We are told that it takes an absolute minimum of 6 operators to track one suspect. For 500 that is 3000. Not sure that we even have that many people trained to follow suspects. Tring to follow 2000 would take a small army. Monitoring 20 000 would take a very noticeable slice of the tax income and be hard to hide.

More security means more restrictions for all, not just the suspects - incldfing a very expensive and fraud proof ID system. With technology I think that last is almost possible but it could easily become dystopian.

Ask the people: do they want the (still possibly false) sense of safety that strict ID and minitoring laws will bring, with the inherent restrictions; or the freedom of movement and action combined with the risk?

There is no solution to this problem that will not cause problems for innocent people I fear. All tend towards a fascist or totalitarian system.

Here is the link, as requested
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Dave

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Re: Manchester concert explosion
« Reply #22 on: May 28, 2017, 09:24:32 AM »
I know Tank and Icarus that it is not so easy, but it is so friggin' frustrating that the attack could have been prevented if these 5 warnings were taken seriously. What I understand is that are about 23,000 Jihadists in the UK (source: the Times) and that the police is only tracking 500 of them. I find that very worrisome.

Got a ref for that Times figure, Tom? Most estimates I can find seem to be a tenth of that as "possible" suspects - still a lot.

We are told that it takes an absolute minimum of 6 operators to track one suspect. For 500 that is 3000. Not sure that we even have that many people trained to follow suspects. Tring to follow 2000 would take a small army. Monitoring 20 000 would take a very noticeable slice of the tax income and be hard to hide.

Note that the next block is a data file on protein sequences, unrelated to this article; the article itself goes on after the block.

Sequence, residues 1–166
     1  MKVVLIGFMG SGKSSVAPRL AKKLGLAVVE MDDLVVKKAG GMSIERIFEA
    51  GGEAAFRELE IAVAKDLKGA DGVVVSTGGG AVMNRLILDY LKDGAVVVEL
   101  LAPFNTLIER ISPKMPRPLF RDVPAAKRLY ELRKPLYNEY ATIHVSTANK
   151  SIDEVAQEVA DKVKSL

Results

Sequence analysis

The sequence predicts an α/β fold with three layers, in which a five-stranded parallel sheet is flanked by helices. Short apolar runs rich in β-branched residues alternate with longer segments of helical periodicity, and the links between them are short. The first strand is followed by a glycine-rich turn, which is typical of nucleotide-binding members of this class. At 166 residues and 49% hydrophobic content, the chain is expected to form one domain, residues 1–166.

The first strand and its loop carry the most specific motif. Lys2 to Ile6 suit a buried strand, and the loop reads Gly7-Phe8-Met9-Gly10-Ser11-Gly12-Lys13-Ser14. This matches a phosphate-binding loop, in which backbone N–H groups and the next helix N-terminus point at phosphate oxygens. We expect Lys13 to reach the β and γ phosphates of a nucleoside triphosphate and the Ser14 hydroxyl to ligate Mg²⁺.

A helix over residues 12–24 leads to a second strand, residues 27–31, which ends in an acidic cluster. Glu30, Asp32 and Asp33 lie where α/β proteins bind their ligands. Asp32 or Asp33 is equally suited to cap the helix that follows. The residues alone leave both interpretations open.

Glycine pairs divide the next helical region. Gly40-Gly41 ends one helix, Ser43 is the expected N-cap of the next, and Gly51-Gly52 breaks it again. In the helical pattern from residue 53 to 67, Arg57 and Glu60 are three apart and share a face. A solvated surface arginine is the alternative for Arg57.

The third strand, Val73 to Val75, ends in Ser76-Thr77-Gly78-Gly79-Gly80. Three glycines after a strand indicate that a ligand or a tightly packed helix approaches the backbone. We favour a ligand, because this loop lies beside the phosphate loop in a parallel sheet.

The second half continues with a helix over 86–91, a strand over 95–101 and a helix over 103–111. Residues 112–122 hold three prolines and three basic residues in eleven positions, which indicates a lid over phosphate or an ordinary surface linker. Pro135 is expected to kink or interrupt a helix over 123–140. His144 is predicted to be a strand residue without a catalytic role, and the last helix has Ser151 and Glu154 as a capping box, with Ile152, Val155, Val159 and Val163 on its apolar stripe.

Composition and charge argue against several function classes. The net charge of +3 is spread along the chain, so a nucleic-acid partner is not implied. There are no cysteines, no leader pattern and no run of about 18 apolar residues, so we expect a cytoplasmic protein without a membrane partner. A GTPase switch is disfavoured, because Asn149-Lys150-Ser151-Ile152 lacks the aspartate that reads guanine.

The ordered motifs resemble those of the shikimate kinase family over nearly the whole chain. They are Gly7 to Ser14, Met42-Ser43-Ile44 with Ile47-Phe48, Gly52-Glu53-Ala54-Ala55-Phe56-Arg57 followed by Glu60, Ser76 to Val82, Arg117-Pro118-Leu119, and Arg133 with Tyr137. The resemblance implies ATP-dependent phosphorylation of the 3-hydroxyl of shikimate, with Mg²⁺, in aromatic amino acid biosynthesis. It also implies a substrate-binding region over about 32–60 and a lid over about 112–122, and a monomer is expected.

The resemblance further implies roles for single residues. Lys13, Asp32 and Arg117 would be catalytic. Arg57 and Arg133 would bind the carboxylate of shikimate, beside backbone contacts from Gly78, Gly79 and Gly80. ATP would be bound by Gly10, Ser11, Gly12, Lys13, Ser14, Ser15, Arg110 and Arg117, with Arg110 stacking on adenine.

More security means more restrictions for all, not just the suspects - incldfing a very expensive and fraud proof ID system. With technology I think that last is almost possible but it could easily become dystopian.

Ask the people: do they want the (still possibly false) sense of safety that strict ID and minitoring laws will bring, with the inherent restrictions; or the freedom of movement and action combined with the risk?

There is no solution to this problem that will not cause problems for innocent people I fear. All tend towards a fascist or totalitarian system.

Here is the link, as requested
Thanks, Tom. The figures seem to vary a little between media titles but seem reliable in terms of source. But, being ever sceptical about the media I would like to get hold of the actual notices these were taken from. Then again, I am sceptical of government press handouts . . .

However, the problem of cost and freedom in general still applies. Though it serms to have different nstional characteristics, mostly historical, that means greater public restrictions on movement etc. will possibly have different national repercussions. They will have to apply to all, regardless of ethnic or racial origin - unless accusations of fascism or appartism are acceptable to the peoples and governments. I doubt even that would end all violence from one group or another, it hasn't so far in human history.
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Re: Manchester concert explosion
« Reply #23 on: June 02, 2017, 12:13:46 AM »
I'm sure some of you will be glad to hear that Crow is fine.  :)

I got a hold of him and he gave me permission to share this happy and sad news with all of you:

Quote
From: Magdalena
Sent: 26 May 2017 05:20
To: Crow
Subject: Manchester Concert...Hi, Adam...it's Magdalena
 
We're thinking about you.

Re: Manchester concert explosion
« Reply #4 on: May 22, 2017, 09:32:09 PM »
Crow is the nearest member.
Claire is over that way too.

Yes Mags, how are you?

I was very close to the event when it happened and knew a person who died but hadn't spoke to them for over a decade but still slightly more upsetting than normal. A very unusual week.

Good to hear from you!
A.

Hi, A.,